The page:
Ridley Scott's adaptation of Andy Weir's bestseller "Der Marsianer" is undoubtedly one of the most successful and best films of the past cinema year. The release of the blockbuster on DVD, Blu-ray and 3D Blu-ray has to be celebrated accordingly. For this reason, Twentieth Century Fox Home Entertainment and ESA - the European Space Agency - invited Twentieth Century Fox Home Entertainment to the European Satellite Control Centre (ESOC) in Darmstadt for a very special press event for the home cinema launch of the film on 18.02.2016. Before a screening of the Blu-ray of the film, we were allowed, with the support of Johann-Dietrich Wörner, ESA Director General, and Paolo Ferri, ESA Head of Mission Operations, and during a guided tour through the control centre, to get an idea of what tasks are covered here in everyday research, what challenges and problems space exploration is confronted with and, of course, how much Scott's film is anchored in reality. For Wörner, for example, it is not a question of whether, but rather when, man will travel to Mars. And Ferri, too, attests history a high degree of scientific accuracy - albeit with a few small compromises. For example, the dangers to astronauts from cosmic rays are not discussed. Even if the technical possibilities to travel to Mars are already available, such an expedition would still be a certain death sentence for the astronauts involved at the moment, as protection against this radiation is not yet guaranteed. Ways must therefore still be found to make such protection possible without, for example, a much heavier protective hull of the spacecraft requiring a multiple of fuel.
Uni-manned expeditions to Mars are therefore still the focus of ESA's current research work. For example, the next ExoMars mission, which is due to start shortly, will provide insights into where the methane in Mars' atmosphere comes from. Because, Ferri says with a wink, it is rather unlikely that this comes from cows. In two years, another ExoMars mission will be launched, which will bring a rover to the surface and send its results to Earth via the satellite sent into orbit this year. Of course, these are not the only missions that ESA will be carrying out in the near future. For example, on behalf of the EU, the Earth Observer "Sentinel 3" is sent into Earth orbit, whose images and data are hoping to provide more helpful information about the changes in the world's oceans.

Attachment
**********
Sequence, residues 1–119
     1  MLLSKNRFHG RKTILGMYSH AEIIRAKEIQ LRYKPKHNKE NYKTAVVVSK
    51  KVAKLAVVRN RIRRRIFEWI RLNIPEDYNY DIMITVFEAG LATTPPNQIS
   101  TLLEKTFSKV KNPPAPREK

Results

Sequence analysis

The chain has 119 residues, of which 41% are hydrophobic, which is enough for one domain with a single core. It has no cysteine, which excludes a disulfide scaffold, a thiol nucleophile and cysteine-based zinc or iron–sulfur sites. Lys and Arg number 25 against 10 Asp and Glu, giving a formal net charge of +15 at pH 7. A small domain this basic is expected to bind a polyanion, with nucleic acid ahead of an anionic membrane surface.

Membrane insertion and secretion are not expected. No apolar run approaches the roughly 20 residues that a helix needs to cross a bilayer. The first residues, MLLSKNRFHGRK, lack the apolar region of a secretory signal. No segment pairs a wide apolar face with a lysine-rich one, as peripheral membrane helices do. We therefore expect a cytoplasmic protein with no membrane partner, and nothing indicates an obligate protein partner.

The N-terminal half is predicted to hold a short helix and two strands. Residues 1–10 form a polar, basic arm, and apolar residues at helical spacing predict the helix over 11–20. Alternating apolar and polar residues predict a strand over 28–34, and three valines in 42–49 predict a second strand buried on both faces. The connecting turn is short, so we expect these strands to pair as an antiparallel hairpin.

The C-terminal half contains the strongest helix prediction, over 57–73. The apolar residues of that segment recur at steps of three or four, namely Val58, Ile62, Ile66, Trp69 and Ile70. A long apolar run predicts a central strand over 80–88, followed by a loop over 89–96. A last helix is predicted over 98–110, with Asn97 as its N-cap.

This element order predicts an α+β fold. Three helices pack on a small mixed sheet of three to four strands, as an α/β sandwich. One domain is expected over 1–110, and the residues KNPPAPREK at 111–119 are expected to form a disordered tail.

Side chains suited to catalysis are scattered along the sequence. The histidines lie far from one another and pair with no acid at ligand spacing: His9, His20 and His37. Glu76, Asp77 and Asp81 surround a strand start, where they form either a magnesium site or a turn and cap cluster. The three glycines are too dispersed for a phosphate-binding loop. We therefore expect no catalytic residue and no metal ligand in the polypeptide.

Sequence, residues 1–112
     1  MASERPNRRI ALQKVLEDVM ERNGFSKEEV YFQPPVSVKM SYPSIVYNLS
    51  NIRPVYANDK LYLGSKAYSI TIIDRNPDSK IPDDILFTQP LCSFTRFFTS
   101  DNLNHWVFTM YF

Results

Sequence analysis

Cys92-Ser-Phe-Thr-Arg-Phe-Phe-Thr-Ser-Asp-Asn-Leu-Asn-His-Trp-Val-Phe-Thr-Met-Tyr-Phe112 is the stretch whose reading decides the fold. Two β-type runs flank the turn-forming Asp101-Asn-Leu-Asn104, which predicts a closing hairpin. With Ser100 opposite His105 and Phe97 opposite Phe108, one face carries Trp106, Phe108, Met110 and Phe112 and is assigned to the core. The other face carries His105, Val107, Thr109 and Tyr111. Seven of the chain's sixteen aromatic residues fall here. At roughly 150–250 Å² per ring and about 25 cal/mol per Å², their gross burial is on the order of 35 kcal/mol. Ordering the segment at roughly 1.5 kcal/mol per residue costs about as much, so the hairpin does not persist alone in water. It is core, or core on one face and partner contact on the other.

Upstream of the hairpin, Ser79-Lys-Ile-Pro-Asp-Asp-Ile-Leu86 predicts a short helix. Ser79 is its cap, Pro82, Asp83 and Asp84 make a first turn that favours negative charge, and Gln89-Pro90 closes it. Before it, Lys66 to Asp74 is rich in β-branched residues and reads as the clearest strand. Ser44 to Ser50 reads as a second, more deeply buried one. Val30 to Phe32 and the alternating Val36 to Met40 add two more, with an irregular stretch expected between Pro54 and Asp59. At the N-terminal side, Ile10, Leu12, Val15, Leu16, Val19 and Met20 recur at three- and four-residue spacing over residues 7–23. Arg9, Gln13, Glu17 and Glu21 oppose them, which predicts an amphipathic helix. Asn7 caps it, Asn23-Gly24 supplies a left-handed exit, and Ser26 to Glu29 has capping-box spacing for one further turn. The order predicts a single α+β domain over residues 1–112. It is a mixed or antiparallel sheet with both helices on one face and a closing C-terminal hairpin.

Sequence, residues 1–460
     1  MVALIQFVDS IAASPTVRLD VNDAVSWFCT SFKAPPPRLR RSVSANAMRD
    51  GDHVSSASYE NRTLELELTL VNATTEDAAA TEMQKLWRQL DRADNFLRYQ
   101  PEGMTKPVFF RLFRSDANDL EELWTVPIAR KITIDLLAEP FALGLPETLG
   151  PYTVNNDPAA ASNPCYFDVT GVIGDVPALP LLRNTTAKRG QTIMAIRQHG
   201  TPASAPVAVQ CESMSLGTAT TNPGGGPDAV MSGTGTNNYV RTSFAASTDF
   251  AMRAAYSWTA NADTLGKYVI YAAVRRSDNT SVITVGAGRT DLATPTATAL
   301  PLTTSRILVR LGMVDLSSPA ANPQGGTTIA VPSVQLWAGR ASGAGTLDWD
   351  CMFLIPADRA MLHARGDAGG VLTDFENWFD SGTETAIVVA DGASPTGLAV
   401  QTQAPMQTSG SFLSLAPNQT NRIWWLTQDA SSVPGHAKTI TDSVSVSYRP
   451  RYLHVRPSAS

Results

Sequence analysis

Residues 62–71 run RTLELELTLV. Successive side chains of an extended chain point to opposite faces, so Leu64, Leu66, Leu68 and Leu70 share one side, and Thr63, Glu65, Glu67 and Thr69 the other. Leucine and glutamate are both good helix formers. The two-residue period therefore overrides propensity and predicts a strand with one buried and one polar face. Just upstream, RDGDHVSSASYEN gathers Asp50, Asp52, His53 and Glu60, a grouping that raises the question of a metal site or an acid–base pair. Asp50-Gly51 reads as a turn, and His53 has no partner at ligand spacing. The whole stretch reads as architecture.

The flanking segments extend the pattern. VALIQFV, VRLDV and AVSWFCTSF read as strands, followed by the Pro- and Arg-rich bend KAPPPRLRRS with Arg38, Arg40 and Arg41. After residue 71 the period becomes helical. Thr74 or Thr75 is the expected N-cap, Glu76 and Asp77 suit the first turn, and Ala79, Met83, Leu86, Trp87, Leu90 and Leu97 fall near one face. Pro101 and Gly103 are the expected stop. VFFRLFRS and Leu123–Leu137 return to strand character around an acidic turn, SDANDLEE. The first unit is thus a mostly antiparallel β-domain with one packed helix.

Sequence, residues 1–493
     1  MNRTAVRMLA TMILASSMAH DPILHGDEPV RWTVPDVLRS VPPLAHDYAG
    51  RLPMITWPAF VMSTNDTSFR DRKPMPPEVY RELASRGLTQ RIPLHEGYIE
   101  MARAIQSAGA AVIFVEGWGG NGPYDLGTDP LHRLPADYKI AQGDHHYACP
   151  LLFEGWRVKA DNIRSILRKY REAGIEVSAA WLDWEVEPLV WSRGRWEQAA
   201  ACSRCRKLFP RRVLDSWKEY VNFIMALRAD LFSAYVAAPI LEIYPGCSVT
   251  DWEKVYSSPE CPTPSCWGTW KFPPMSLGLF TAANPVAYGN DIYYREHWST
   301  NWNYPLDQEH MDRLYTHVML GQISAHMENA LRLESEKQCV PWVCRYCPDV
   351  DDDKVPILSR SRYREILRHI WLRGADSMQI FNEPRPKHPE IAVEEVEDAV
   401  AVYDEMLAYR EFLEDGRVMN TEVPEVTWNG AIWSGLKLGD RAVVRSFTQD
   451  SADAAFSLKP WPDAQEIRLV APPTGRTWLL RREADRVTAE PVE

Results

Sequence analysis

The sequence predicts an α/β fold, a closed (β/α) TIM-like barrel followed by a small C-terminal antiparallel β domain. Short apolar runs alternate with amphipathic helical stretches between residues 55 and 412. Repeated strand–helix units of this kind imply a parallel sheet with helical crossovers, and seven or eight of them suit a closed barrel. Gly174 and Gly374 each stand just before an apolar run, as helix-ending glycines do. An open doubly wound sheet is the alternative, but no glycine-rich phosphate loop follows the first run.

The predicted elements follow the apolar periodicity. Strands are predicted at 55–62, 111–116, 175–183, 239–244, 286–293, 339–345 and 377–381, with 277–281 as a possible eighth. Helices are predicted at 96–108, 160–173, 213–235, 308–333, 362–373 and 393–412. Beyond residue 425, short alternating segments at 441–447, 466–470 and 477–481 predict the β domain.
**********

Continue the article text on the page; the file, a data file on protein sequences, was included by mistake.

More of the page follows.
However, how does such a mission actually work? What are the areas for which ESA is responsible? How can the new satellites be prevented from being damaged or even destroyed by space debris or meteorites? Why are expeditions to Mars only possible every two years? And what are the goals for the future of space research? Will we actually be able to live on the moon or even Mars at some point? These and many other questions were explained during the guided tour in an understandable, exciting and entertaining way. Anyone who is interested in experiencing this and delving deeper into the matter can book a guided tour of the ESOC in Darmstadt at Http://www.darmstadt-tourismus.de/ .
In addition to the scientific achievements and technological developments, Wörner says that an important concern of ESA is to fascinate people with such tours for space research. Especially in times of economic and world political uncertainty, it is enormously important to still have dreams and not to lose the courage to be fascinated and inspired by them. Moreover, international space research is also geopolitically important, since it contributes to international understanding. Here, many nations work closely together, even though there are disputes on the political stage, an aspect that is also very well illustrated in "The Martian".
The interesting, informative and exciting visit to ESOC ended with a screening of the film. If you are interested, you can book a guided tour or get more information on the ESA website: http://www.esa.int/ger/ESA_in_your_country/Germany
Quelle: Sebastian Betzold